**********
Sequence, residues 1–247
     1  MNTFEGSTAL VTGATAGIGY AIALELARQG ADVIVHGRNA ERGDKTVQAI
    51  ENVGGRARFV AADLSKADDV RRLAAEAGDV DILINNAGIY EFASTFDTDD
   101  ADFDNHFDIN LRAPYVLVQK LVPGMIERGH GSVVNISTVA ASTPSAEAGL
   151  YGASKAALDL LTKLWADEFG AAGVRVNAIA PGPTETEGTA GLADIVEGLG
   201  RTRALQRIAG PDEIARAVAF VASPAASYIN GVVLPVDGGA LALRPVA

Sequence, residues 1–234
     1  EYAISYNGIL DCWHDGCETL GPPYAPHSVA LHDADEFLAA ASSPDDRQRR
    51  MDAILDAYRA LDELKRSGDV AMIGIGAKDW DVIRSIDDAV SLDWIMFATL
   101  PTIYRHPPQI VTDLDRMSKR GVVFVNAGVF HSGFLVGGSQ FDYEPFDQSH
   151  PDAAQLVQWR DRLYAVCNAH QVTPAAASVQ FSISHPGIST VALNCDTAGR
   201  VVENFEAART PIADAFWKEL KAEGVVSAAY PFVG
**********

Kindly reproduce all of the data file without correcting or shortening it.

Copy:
Sequence, residues 1–247
     1  MNTFEGSTAL VTGATAGIGY AIALELARQG ADVIVHGRNA ERGDKTVQAI
    51  ENVGGRARFV AADLSKADDV RRLAAEAGDV DILINNAGIY EFASTFDTDD
   101  ADFDNHFDIN LRAPYVLVQK LVPGMIERGH GSVVNISTVA ASTPSAEAGL
   151  YGASKAALDL LTKLWADEFG AAGVRVNAIA PGPTETEGTA GLADIVEGLG
   201  RTRALQRIAG PDEIARAVAF VASPAASYIN GVVLPVDGGA LALRPVA

Sequence, residues 1–234
     1  EYAISYNGIL DCWHDGCETL GPPYAPHSVA LHDADEFLAA ASSPDDRQRR
    51  MDAILDAYRA LDELKRSGDV AMIGIGAKDW DVIRSIDDAV SLDWIMFATL
   101  PTIYRHPPQI VTDLDRMSKR GVVFVNAGVF HSGFLVGGSQ FDYEPFDQSH
   151  PDAAQLVQWR DRLYAVCNAH QVTPAAASVQ FSISHPGIST VALNCDTAGR
   201  VVENFEAART PIADAFWKEL KAEGVVSAAY PFVG